The latest number on retail inflation released last Friday was revealing. The overall number for March saw a pickup in the inflation rate from 2.57% in February to 2.86% in March. This marginal acceleration, interestingly, came about because food inflation turned positive at 0.3%—for the previous five months it had contracted. For the full-year food inflation, one of the metrics of farm distress, averaged 0.1% in 2018-19. According to The Times of India, which quotes the rating agency Crisil, this is the lowest level for food inflation since 1991.

This factoid has once again put the spotlight on the problem of farm distress, especially if one takes into account the fact that growth in rural wages continues to be low, even as sources of non-farm employment have virtually disappeared. While in political rhetoric it is no longer top billing, the food inflation trajectory is a reminder that the issue of farm distress is far from over.

In fact, till December, it was the dominant political theme; something that contributed in stoking the anti-incumbency vote against the Bharatiya Janata Party (BJP) in the elections to the three state assemblies of Madhya Pradesh, Chhattisgarh and Rajasthan. The BJP lost power in all three states. The defeat presumably prompted the BJP-led National Democratic Alliance (NDA) to introduce the Pradhan Mantri Kisan Samman Nidhi Yojana, or PM-Kisan—designed as an income support scheme entailing a pay out of 6,000 per year for all farmers with land holdings of less than two hectares. It is expected to cost the exchequer 75,000 crore annually. In their manifesto, released a little over a week ago, the BJP has promised to extend this relief to all farmers if the NDA is re-elected.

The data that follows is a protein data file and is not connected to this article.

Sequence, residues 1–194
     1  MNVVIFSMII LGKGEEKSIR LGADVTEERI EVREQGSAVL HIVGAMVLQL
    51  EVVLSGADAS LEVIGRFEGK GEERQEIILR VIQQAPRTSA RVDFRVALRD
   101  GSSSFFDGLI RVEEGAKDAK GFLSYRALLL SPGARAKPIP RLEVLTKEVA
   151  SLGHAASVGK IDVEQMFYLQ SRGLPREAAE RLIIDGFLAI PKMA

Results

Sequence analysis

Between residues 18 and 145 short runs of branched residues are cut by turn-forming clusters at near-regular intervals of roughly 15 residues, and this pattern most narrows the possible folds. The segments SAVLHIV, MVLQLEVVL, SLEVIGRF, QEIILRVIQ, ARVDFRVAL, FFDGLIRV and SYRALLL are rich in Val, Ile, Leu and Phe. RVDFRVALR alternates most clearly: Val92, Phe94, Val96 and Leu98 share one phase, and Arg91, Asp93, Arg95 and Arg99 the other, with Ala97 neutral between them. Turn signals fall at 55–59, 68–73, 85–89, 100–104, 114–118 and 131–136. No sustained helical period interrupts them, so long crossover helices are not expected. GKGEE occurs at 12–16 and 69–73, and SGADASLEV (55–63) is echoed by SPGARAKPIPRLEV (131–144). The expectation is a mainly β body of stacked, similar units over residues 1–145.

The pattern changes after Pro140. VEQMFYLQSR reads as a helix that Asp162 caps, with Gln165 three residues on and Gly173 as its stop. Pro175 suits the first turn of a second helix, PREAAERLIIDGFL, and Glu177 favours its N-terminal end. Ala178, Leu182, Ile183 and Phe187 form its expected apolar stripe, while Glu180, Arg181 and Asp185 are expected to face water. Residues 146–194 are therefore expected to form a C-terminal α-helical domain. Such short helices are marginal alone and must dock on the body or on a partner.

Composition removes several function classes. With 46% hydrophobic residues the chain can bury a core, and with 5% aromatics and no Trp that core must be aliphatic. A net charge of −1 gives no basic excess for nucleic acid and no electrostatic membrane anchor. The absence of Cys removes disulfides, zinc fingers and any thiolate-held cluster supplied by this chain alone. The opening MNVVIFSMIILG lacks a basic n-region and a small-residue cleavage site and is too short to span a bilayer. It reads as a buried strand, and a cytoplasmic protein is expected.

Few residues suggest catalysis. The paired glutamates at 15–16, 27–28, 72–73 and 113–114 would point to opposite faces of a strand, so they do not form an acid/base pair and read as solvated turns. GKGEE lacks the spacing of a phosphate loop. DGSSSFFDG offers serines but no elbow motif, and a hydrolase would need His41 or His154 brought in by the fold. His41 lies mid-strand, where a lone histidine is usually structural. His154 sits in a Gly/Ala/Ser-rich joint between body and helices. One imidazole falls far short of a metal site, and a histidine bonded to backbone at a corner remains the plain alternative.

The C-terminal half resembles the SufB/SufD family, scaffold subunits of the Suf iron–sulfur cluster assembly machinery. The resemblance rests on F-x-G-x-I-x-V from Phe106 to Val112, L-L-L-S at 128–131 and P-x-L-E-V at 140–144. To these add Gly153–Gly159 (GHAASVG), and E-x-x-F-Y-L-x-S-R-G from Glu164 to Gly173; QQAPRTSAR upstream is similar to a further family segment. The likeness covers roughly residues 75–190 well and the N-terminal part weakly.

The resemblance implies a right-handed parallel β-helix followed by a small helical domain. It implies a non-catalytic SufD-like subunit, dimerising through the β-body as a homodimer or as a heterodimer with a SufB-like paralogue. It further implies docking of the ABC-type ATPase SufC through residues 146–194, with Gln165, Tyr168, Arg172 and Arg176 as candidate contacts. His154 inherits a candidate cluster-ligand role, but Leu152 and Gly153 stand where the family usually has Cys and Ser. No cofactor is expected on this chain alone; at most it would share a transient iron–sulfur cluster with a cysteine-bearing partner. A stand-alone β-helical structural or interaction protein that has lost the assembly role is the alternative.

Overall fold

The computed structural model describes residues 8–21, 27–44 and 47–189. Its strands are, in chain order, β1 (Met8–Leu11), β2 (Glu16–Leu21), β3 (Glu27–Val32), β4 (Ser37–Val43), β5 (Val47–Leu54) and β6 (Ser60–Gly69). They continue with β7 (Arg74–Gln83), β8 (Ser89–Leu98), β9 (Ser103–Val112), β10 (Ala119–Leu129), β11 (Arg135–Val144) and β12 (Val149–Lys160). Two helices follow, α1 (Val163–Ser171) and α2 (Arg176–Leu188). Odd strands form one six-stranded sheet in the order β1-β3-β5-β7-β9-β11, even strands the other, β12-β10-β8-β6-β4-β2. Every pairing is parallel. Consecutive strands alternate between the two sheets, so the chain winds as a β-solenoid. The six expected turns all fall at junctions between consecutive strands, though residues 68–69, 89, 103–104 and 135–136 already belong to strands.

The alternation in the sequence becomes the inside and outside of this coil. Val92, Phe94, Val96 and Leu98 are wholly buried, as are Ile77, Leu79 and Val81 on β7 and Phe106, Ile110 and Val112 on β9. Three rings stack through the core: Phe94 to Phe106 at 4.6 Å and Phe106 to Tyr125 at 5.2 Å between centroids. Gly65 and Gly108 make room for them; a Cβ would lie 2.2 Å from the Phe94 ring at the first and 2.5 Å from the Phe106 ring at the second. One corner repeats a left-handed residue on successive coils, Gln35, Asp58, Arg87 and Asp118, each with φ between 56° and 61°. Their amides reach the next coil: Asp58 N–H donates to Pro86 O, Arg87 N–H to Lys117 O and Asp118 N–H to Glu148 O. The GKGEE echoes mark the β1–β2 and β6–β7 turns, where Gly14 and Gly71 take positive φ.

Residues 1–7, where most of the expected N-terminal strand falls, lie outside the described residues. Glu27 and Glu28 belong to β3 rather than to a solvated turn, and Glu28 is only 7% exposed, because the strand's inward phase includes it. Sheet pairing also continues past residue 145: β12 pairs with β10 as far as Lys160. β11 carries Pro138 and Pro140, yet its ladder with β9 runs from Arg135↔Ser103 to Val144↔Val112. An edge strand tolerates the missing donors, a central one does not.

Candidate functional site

Strangely enough, since early January as the general election cycle loomed closer, the issue of farm distress began to recede from the political lexicon of the opposition parties. It was not that farm distress had eased, but somehow it had lost currency with politicians. A previous edition of Capital Calculus, in fact dwelled on this piquant phenomenon.

After the NDA made public its mega plan for farmers in the Union budget for 2019-20, the counter-strikes by the Indian Air Force on terrorist hideouts located in Balakot, Pakistan, which gave a boost to the sentiment of nationalism and the election cycle kicking in, farm distress as a political issue is now restricted to pockets in the country. As The Indian Express reported on Sunday, in some parts of the country, farm distress triggered by drought is assuming epic proportions.

However, the larger reason for this malaise is the failure of the farmer to be protected from steep price falls—as captured in the trends in food inflation. The PM-Kisan, for the first time nationally, acknowledges the problem of the need to provide income support to mitigate some of the risks. Telangana had already announced a similar scheme earlier. This risk has arisen because Indian agriculture has undergone a structural makeover with non-food grain crops, such as horticulture, which are extremely susceptible to price risks, now dominating the farm basket.

Yes, while income support is a welcome relief, it is, like in the case of farm loan waivers, not a solution to the structural crisis impacting Indian agriculture. Presumably, our politicians will be willing to walk the talk and initiate the much needed structural reforms—especially with respect to breaking the hegemony of the cartels distorting price formation for agricultural products—once the verdict of the 17th Lok Sabha poll is delivered on 23 May.

If not, India and its farmers are destined to a repeat of this ignominious cycle of destruction.

Anil Padmanabhan is managing editor of Mint and writes every week on the intersection of politics and economics.

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